With some of the most popular provisions of health care reform taking effect last week, Congressional Democrats are getting back on offense just weeks ahead of the midterm elections.
House Democrats said they don’t know whether it was the result of luck or strategic planning that widely supported consumer protections in the health care bill are kicking in as lawmakers enter the final stretch of campaigning. Some of the key provisions now in effect are that children cannot be denied coverage because of a pre-existing condition, young adults can stay on their parents’ health care plan until the age of 26, and a health plan can no longer put a lifetime limit on coverage. All of the proposals were scheduled to take effect six months after passage of the health care reform bill, which meant the provisions kicked in Thursday.
Couple these changes with a renewed push by the Obama administration and outside advocacy groups, and voila: Many Democrats are ready to publicly embrace an issue they largely ceded to Republicans and their accusations of a costly, big-government takeover.
Democratic Congressional Campaign Committee Chairman Chris Van Hollen said the new health care policies are just the kinds of tangible issues Democrats can use to contrast themselves against Republicans, who have lambasted Democrats’ “Obamacare” plan and have called for repealing health care reform altogether.
“It’s very important for Democrats to push back and point clearly to these patient protections and consumer protection provisions that Republicans want to repeal. All of these provisions that are taking effect now are designed to give patients more control and insurance companies less sway,” the Maryland Democrat said.
While Members are largely stumping on jobs and the economy, Democratic leaders are urging them to “remind people that when Republicans are talking about repealing health care reform, they’re talking about taking away these protections for kids and seniors, and be specific about what those protections are,” Van Hollen said.
Not that everyone in the majority is eager to tout health care reform. Thirty-four Democrats opposed the final bill, and others are in close races with Republicans running on a platform of fiscal responsibility, a sharp contrast to the $1 trillion health overhaul.
A senior House GOP aide scoffed at the idea of Democrats being ready to make health care reform their issue in the election.
“Have you found any example of any Democratic candidates running any ads in support of Obamacare? The only Democrats running on the issue of health care are running away from Obamacare as fast as their little legs will carry them,” the aide said.
But Democratic leaders are hoping to arm their Members with as many positives as they can, aware that aspects of health care reform will play differently in nearly every district. On Thursday, they brought Health and Human Services Secretary Kathleen Sebelius into a House Democratic Caucus meeting to help Members decide how to frame the issue in their districts. The secretary explained all the new provisions going into effect and urged Democrats to pick and choose the policies that would play the best in their districts.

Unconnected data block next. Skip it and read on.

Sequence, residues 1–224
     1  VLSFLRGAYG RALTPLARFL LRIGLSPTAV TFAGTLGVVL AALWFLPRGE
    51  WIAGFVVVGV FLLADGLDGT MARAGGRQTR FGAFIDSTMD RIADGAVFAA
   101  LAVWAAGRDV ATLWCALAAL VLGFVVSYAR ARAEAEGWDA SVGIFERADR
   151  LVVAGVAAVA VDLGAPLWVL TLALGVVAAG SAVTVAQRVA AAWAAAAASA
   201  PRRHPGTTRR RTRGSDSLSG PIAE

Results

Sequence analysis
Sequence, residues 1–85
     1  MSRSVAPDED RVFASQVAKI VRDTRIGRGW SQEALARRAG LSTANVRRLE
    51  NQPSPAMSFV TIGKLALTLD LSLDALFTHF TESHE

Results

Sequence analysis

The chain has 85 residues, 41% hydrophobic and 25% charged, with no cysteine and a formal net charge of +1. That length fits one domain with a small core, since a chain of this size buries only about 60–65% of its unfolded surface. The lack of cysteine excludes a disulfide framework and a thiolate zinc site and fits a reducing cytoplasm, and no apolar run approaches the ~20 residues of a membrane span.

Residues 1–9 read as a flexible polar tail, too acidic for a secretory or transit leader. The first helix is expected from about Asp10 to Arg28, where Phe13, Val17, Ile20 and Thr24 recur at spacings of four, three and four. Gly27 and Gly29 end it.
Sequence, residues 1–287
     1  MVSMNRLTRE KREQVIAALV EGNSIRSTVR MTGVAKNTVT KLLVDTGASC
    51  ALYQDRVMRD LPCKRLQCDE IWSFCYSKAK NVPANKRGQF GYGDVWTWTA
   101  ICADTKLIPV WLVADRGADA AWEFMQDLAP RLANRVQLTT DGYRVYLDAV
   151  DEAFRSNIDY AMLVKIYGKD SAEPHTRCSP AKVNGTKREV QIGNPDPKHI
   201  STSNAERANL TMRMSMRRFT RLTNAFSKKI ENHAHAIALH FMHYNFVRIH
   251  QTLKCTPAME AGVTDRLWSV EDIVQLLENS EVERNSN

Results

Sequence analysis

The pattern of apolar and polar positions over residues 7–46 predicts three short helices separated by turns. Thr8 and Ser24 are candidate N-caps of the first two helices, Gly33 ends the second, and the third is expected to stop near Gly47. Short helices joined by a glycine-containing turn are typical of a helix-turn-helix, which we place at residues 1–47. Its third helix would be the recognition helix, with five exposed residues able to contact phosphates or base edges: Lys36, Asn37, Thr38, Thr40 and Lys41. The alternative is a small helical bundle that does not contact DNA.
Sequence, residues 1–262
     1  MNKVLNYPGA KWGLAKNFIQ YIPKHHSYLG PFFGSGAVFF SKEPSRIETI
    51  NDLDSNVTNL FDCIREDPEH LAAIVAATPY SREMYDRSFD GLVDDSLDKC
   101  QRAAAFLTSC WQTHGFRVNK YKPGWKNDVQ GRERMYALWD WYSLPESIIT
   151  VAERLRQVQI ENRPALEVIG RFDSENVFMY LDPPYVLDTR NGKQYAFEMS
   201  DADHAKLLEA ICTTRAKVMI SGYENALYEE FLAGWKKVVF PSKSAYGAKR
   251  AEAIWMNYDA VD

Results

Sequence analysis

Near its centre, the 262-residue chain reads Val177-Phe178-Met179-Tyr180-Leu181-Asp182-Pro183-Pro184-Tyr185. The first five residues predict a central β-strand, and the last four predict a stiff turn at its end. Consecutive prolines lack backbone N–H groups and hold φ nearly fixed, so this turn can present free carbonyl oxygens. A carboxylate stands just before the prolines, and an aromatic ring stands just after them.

“Possibly one man’s tea is another man’s poison,” Democratic Caucus Chairman John Larson said.
But the key is for every Democrat to individualize his or her campaign, the Connecticut Democrat said. “So what works in Connecticut doesn’t necessarily work in Mississippi for [Rep.] Gene Taylor.”
A senior aide who was in the Caucus meeting said Sebelius’ visit went over well with lawmakers.
“What she was telling people to do was focus on the pieces that affect insurance companies, and that that’s easy to talk about,” the aide said. “People were really into it. They had a bunch of questions. It was all positive.”
The White House has significantly stepped up its outreach on health care reform. In the past week alone, President Barack Obama attended a question-and-answer session in Virginia and conducted a conference call with 10,000 faith leaders, Vice President Joseph Biden conducted a conference call with thousands of seniors, and the White House Public Engagement Office held grass-roots call with a number of constituency groups. On top of that, outside groups held 200 events to mark the new policies taking effect and administration officials are expected to maintain an aggressive public outreach campaign.
“We were pleased to mark an important milestone for our health care system on a day when many of the worst insurance company practices became a thing of the past,” a White House official said.
Congressional Progressive Caucus Co-Chairman Raúl Grijalva emphasized that Democrats shouldn’t be afraid to make health care reform — “the administration’s signature social piece” — more central to their campaigning, since many base supporters are frustrated that Congress didn’t do more to advance their agenda.
The majority adopted the mentality of “let that base wait,” the Arizona Democrat said, and now there is “the realization that that base is critical to our successes in the midterms.”
Democrats in tight races and in safe seats alike said they have been highlighting the benefits of health care reform all along and are not afraid to keep discussing it.
“I’m happy to have that conversation,” freshman Rep. Steve Driehaus (D-Ohio) said. “I’m talking about it all the time. Is it surprising that Republicans would focus on the negative?”
Rep. Nick Rahall said Democrats have many things to be proud about with health care reform while Republicans don’t even have an alternative proposal on the table.
“Why shouldn’t we talk about the good parts of it? What’s the alternative, repeal? Heavens, no,” the West Virginia Democrat said.